The news of Solange's disorder was first made public in late 2017 when she pulled a live show in order to receive treatment. Autonomic nerve disorders affect the autonomic nervous system, which controls a person's involuntary functions.
Speaking in a cover interview with i-D to promote When I Get Home, she was asked if the ailment caused any despondency while creating new music.
“Going through a transition where things were happening to my body that were out of my control, I got to the place where there was no fear surrounding my body, and it belongs to me in a whole new way," Solange said. "It’s been a beautiful love affair that took me time. I’ve always been connected to my sexuality and sensuality, but so much of that was re-grounded during this time. The freedom I got to feel was amazing. I learned you can create those spaces; you don’t need anyone else to have your moment.”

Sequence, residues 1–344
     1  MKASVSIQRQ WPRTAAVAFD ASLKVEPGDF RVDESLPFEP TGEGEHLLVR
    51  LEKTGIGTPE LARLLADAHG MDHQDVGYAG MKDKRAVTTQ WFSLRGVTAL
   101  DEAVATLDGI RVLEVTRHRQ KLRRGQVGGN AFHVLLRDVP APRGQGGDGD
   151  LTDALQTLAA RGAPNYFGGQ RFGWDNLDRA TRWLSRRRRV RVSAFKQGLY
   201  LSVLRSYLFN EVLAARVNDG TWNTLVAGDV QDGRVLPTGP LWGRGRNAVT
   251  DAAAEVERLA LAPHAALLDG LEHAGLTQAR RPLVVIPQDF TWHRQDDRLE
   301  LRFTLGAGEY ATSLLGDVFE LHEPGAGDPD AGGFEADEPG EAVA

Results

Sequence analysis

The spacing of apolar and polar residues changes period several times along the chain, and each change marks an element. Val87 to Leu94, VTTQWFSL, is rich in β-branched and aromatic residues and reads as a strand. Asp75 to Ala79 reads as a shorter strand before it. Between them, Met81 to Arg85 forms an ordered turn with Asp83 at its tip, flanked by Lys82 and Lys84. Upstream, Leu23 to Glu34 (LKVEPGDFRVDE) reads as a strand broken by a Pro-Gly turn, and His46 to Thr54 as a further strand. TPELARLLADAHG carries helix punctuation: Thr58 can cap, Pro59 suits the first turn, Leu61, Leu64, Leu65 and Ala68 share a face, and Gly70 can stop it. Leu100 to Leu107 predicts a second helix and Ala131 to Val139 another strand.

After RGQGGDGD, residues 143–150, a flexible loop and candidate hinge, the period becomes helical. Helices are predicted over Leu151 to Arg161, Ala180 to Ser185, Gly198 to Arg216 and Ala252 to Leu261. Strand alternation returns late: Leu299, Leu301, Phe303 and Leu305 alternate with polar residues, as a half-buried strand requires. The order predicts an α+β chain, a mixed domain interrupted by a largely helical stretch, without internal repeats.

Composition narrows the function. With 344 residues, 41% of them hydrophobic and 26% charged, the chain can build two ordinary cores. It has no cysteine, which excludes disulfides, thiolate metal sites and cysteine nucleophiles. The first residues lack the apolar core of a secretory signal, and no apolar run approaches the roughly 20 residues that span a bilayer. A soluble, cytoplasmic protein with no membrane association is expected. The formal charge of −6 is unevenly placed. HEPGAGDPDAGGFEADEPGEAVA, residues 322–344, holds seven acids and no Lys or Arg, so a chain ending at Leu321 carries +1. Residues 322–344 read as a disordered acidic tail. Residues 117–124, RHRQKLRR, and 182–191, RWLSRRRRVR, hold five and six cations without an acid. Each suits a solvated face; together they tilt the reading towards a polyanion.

Later in the same interview, Solange said she felt incredibly free recording When I Get Home: “I had a fucking blast creating this album! I really wanted to create a space for joy and expression. My last record [A Seat At The Table] was deeply personal, but it was no secret that I was working through a lot of shit. I was carrying a lot of weight and even though that’s something that doesn’t go away, I also feel like a lot of answers felt more inward this time and not outward. A Seat At The Table was composition, a thesis, and a healing experience, but I couldn’t ask the world to be involved in the answers I needed for this project. I just needed to live in it.”
Solange accompanied the release of her new album with a 33-minute "Texas film" co-directed by Terence Nance.